Knowledge or entertainment? What’s the big deal? And why shouldn’t the mass dissemination of knowledge be entertaining? It is, of course, hard to know quite where to begin here, but one thing that clearly gets lost in all of this is that we are looking at flayed and vivisected corpses that at one time housed living and breathing human beings, their nameless bodies thoroughly objectified and put on display for our visual consumption. Questions have been raised recently about where the bodies actually come from, but there is another point to be made, for it is hard to imagine how these displays are designed more to prime or sate our thirst for knowledge—or to inure us to the dead or decaying body as part of an avant-garde intervention against bourgeois taboos—than to titillate our desire for macabre spectacle. Indeed, in a slightly different register we might actually call it pornography. How else can we explain the reported “fascination“ with images like that of “The Skin Man“ holding out his own outer shell for our examination (and edification)?


In its own way it would seem to be a late modern form of pickled punk.

Photo Credits: E. Jason Wamsgans/Tribune; Gunther von Hagens/Body World


Late Modern Pickled Punk


10 Responses

  1. Seneca says

    Body World’s has a pretty extensive history of controversy due to its “macabre spectacle.” Specifically, people were attacking the exhibit on the grounds that Von Hagens was deliberately avoiding the question of who these bodies were and where they came from (I think he asserts that their anonymity is “in respect for the dead”). What’s interesting, then, is how the exhibit is designed to deflect these questions (or perhaps resolve the exigency). While I was at the exhibit, I was stunned with the blatant reinscription of the bodies’ identities. As you said, they play basketball and chess and ride horses. These were usually male plastinates. The female plastinates were usually not as active or restricted to only seductive postures or motherhood. Anyway, the bodies tend to be in some action that signifies bourgeois leisure. Moreover, the postures of the plastinates also reference european “high Art” such as Rodin’s “Thinker” and a series of other popular renaissance artists. It seems to me that these “new” identities function to conceal any obvious remnant that these bodies were once “living and breathing human beings.” And while I agree that the exhibit certainly lacks scientific authenticity, the exhibit design (i.e. the captions, audio head sets, and staff that works there) nevertheless tries to frame the exhibit behind a scientific gaze. It tries to position the audience as medical examiners or scientific inquirers. In this sense, the bodies are objects of science (“plastinates”) and not corpses. So both the language of science as well as the reinscription of new identities seems to subordinate the audience’s humanitarian concerns to those of the pursuits of scientific knowledge as well the pleasure of upper-class spectacle.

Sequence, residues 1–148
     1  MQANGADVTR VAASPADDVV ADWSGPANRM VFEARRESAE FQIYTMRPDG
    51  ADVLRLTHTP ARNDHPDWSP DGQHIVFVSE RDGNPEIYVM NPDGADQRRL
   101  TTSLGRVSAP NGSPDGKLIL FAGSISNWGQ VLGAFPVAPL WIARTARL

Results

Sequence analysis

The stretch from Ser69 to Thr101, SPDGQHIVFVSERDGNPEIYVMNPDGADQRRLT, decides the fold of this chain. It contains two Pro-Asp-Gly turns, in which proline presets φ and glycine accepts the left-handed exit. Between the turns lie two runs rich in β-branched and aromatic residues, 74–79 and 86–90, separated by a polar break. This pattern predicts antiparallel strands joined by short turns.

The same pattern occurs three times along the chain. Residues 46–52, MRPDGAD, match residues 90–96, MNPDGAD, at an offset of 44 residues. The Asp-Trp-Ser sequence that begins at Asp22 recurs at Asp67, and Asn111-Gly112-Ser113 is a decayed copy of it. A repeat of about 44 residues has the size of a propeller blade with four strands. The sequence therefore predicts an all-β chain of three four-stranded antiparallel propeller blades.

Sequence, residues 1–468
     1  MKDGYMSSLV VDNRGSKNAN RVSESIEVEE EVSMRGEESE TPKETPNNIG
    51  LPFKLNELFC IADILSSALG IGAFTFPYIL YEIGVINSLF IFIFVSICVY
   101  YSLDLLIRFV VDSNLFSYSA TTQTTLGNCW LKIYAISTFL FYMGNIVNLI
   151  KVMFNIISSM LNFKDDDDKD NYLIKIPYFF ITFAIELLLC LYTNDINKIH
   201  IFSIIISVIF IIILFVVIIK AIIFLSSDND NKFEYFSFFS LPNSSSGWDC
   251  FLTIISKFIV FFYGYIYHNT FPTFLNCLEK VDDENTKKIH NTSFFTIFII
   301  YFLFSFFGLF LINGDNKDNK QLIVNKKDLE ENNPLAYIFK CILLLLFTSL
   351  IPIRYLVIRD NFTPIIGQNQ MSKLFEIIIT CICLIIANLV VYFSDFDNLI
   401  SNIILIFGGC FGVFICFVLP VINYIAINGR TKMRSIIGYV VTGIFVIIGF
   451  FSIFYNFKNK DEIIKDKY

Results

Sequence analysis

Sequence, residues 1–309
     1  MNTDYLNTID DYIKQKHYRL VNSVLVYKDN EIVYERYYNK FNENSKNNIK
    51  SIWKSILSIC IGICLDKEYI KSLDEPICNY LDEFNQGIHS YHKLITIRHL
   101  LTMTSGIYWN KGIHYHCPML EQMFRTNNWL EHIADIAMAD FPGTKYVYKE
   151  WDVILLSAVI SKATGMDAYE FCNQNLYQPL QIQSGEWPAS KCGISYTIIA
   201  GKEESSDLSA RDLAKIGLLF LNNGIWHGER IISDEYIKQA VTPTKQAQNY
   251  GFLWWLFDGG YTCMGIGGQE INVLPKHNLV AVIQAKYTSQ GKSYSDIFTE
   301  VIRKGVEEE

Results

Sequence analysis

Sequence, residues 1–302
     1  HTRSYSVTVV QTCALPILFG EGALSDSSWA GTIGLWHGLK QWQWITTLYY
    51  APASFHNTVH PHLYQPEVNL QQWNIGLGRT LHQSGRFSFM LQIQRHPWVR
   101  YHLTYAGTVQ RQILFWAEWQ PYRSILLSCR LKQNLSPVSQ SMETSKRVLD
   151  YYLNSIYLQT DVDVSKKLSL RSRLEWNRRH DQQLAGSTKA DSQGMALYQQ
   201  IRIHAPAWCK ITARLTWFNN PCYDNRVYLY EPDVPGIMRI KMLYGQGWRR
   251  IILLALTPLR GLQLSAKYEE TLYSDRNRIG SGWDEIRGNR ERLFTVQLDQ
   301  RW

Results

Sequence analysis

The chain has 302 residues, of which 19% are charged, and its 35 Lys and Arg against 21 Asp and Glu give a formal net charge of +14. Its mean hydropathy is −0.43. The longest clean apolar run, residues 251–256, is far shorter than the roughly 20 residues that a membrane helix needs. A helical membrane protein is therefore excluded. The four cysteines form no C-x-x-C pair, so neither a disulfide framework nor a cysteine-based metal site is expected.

And as far as pornography is concerned, I think this exhibit demonstrates pornography as Susan Owen and Peter Ehrenhaus define the term: as that which operates at the expense of other people.